Regalia to be deployed, such as the orb, are not just symbols of the monarch, but display a cross that sits atop the earth, signaling Christ’s dominion.
The crown that will be placed atop Charles’s head also features a cross. The theme for the coronation is “called to serve,” in which Charles will go forth as an earthly “servant king” with Christ as inspiration.
Welby said he was delighted the service will “celebrate tradition, speaking to the great history of our nation, our customs and those who came before us.”
But he added, “At the same time, the service contains new elements that reflect the diversity of our contemporary society.”
The late queen was a devout Christian, but Charles has had a lifelong fascination with other faiths – including his ideas about nature, harmony and divine geometries.
There has been much speculation about how far Charles would shape a new relationship between monarch and faith.
In an oft-cited 1994 documentary, Charles as the heir to the throne said that he felt more “defender of faith” than “the faith.”
He said, “People have fought to the death over these things, which seems to me a peculiar waste of people’s energy, when we’re all actually aiming for the same ultimate goal.”
Instead, he said, he preferred to embrace all religious traditions and “the pattern of the divine, which I think is in all of us.”
The “Defender of the Faith” title dates to the 16th century, when it was granted by Pope Leo X to King Henry VIII for his defense of Catholicism. When Henry broke with Rome, he held on to the title, but now he was defending the Anglicanism of the Church of England.
At the coronation, the king will vow to serve as Defender of the Faith, the Protestant faith, as Supreme Governor of the Church of England.
But before Charles takes his coronation oath, the Archbishop of Canterbury will insert newly written language, in which the king will pledge “to seek to foster an environment in which people of all faiths and beliefs may live freely.”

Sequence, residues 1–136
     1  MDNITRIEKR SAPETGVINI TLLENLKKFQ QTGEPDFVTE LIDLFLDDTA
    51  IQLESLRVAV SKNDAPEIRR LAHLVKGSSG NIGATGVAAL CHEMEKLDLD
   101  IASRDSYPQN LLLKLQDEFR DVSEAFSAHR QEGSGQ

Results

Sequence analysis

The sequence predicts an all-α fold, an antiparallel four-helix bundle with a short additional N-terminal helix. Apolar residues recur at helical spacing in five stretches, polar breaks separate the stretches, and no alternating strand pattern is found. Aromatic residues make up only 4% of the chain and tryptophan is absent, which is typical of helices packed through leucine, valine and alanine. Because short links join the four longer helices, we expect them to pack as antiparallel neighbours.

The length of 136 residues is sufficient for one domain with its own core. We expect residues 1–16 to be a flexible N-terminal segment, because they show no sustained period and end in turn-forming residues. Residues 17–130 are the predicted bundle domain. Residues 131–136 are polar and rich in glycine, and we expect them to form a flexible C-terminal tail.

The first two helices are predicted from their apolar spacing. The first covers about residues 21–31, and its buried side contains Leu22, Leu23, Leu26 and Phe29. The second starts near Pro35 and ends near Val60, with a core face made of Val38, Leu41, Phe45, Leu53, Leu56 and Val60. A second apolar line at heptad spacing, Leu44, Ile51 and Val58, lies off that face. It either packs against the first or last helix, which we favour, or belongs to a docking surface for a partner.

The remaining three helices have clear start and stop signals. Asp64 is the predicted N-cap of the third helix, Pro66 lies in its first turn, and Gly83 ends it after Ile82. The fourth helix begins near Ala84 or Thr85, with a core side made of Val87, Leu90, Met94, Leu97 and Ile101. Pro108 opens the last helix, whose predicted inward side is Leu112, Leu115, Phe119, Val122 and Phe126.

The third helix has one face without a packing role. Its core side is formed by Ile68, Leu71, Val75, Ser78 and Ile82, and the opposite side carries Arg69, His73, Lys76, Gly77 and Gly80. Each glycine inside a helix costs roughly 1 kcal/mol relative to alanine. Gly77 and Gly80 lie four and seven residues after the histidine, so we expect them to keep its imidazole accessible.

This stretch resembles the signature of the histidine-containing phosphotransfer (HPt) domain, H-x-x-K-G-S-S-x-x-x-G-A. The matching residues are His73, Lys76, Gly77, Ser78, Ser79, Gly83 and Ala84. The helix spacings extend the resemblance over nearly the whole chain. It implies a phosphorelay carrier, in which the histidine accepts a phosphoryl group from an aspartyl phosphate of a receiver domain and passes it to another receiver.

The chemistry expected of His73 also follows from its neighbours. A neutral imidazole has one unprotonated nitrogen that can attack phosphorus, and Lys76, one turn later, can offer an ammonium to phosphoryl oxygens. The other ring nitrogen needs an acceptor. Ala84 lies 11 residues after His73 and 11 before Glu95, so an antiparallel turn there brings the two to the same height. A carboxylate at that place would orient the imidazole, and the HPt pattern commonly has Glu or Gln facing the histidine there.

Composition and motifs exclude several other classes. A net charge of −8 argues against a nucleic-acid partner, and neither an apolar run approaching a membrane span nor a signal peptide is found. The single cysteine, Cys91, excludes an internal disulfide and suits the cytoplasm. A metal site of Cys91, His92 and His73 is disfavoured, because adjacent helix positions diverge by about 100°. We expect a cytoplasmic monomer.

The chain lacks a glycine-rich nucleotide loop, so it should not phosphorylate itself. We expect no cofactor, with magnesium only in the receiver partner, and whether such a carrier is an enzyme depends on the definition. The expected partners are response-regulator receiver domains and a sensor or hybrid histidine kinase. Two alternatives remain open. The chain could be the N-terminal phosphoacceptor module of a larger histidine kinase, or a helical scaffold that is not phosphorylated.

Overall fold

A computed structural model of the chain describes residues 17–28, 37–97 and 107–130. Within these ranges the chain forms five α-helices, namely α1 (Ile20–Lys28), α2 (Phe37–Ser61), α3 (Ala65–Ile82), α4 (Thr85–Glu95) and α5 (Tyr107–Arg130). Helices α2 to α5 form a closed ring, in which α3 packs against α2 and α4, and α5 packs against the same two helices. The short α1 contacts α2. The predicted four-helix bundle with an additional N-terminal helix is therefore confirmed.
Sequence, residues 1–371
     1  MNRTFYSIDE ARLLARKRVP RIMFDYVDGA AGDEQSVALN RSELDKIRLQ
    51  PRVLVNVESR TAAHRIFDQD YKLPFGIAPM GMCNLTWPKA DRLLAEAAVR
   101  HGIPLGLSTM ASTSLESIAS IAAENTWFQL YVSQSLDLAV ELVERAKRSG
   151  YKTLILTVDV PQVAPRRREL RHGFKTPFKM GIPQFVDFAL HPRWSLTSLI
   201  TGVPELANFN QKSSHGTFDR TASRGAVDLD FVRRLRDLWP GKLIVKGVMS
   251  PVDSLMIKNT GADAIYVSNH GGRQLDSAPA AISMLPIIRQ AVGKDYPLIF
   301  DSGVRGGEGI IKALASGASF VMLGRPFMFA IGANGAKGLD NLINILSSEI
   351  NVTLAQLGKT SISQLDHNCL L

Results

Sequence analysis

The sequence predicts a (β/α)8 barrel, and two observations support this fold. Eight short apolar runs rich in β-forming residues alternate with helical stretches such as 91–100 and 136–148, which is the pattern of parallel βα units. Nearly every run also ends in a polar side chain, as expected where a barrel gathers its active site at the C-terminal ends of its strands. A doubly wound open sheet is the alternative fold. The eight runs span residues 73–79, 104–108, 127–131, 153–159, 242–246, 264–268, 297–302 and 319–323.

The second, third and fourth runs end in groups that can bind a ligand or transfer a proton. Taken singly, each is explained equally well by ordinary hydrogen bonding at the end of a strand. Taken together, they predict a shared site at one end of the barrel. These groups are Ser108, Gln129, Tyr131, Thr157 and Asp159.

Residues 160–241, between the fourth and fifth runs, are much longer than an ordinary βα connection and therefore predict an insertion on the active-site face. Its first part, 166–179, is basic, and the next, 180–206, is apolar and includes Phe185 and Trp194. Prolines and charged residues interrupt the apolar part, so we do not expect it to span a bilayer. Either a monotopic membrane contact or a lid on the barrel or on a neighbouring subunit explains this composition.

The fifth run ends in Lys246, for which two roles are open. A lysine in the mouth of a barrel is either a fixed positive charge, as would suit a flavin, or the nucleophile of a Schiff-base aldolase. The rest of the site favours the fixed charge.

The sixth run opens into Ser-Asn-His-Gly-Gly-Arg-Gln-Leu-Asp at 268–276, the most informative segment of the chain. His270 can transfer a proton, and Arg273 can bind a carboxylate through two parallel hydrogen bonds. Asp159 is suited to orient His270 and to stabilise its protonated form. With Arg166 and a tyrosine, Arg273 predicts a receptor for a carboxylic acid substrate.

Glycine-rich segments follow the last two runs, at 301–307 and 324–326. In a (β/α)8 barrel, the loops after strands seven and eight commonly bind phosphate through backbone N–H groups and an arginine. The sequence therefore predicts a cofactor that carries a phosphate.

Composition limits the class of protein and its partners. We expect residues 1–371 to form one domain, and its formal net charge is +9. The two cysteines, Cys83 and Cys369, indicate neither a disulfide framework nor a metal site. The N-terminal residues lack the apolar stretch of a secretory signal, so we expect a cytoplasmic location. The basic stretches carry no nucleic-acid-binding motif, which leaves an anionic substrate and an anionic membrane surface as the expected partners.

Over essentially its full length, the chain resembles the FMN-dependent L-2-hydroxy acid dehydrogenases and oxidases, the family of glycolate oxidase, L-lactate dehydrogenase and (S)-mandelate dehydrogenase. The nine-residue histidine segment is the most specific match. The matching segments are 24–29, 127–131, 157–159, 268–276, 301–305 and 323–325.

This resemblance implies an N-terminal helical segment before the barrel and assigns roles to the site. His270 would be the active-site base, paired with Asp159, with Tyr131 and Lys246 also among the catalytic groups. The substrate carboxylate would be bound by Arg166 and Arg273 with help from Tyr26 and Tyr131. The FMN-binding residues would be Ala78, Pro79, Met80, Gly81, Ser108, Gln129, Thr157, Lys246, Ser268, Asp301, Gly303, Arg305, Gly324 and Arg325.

Ian Bradley, an emeritus professor of spiritual history at the University of St. Andrews in Scotland, said these new moments in the coronation appear to get things right – the service remains true to tradition, to the church, but moves things forward.
“It shouldn’t bother anyone too much,” he said.
Bradley is the author of “God Save The King: The Sacred Nature of the Monarchy.” He has spent a lifetime eyeballing Charles and believes that while the new king is more of a “spiritual seeker” than his mother, “he is following her lead,” as Elizabeth often spoke of what the different faiths can learn from one another.
The archbishop of Canterbury, in his commentary, said the new inclusivity echoes what the late queen thought.
In 2012, Elizabeth said, “The concept of our established Church is occasionally misunderstood and, I believe, commonly underappreciated. Its role is not to defend Anglicanism to the exclusion of other religions. Instead, the Church has a duty to protect the free practice of all faiths in this country.”
The public will hear throughout the service the cries of “God save The King” or “Long Live The King.”
The Archbishop of Canterbury reminds the public that these “are themselves a form of prayer.”
Catherine Pepinster, a historian and author of “Defenders of the Faith,” wondered aloud whether an atheist as king or queen would work here – as the monarchy is so wrapped up in religion.
She pondered what the coronation will mean to everyone, to other faiths and especially to nonbelievers, beyond the music and pomp.
She said Charles “is trying to find a way through” to fulfill his role as Supreme Governor of the Church of England, but to bring everyone else along, too.